We cannot allow ourselves to be so easily swallowed by the majority. We have to stand on our own and think for ourselves. We cannot always rely on others to think for us, to answer the questions we have or tell us what we need to do. So many situations in life call for us to do these things on our own. Only then can we honestly say that we fully grasp whatever decision we are making.
To me, there’s no better way through life than to have reason to be accountable for your own actions and thoughts. How blinding and how foolish it is to be so easily led astray out of fear and ignorance. How easy it is to wallow in misunderstanding and be insensitive to diversity when all our decisions are being made for us by other people. It seems so sheepish to me, to be led around like a mindless fool. And yet, so many people do exactly that and are seemingly incapable of realizing it.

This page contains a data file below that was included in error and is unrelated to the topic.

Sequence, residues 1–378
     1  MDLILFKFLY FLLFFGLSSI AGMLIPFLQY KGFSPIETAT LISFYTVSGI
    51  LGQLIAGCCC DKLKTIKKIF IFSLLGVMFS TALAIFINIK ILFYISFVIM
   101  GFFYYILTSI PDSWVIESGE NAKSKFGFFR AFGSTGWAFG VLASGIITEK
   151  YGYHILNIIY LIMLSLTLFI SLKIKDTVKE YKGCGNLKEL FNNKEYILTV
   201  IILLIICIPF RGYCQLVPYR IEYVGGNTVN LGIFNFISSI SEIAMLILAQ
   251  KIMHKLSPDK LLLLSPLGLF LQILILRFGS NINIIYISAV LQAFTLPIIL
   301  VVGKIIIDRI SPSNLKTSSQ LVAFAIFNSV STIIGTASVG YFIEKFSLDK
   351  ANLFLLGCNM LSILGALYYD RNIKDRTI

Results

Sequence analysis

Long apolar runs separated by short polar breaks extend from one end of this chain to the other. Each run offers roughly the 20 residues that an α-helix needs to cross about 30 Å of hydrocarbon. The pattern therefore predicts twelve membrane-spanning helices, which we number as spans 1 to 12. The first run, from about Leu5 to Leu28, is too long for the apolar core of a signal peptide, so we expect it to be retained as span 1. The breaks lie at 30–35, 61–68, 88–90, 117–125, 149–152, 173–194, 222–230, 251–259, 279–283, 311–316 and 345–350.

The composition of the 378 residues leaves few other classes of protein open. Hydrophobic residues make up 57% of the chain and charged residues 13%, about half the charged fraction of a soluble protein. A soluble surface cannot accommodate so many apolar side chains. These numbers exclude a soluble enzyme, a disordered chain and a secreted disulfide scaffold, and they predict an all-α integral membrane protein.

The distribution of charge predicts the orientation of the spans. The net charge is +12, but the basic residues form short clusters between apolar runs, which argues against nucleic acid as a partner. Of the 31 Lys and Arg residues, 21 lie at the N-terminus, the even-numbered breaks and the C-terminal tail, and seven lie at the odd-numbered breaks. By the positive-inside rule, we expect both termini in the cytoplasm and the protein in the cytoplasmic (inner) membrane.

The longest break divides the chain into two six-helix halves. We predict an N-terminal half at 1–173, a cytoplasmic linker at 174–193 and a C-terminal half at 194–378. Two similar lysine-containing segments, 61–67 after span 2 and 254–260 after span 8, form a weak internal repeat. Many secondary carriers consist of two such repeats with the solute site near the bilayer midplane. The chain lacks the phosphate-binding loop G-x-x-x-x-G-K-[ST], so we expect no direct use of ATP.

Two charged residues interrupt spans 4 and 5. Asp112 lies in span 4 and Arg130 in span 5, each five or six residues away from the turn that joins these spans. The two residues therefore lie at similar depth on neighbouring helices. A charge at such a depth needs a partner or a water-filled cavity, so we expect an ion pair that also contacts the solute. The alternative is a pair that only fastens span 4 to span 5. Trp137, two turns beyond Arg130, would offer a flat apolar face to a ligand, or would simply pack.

It’s such a shame, such an embarrassing road through life. I feel sorry for people like this and at the same time I ponder that perhaps this is best, that they are simply better off being led around, too stupid to think for themselves. They need someone to guide them, to tell them what to do because they are not intellectually capable of doing it for themselves. And then I realize that those who lead, do not always have the best of intentions and that indeed they could lead large numbers of people in very negative and harmful directions. And they do, every day.
The fallout of such perpetuating stupidity is racism, sexism, nationalism, etc. Fear and misunderstanding spread like fire through people who are too ignorant to think for themselves. Society, in whatever part of the world, seems to have a desire to be led, to be taken by the hand and walked through life. People want to be told what their problems are, what they need to do to fix them or even better what someone else is going to do to fix them. This is where things get dangerous.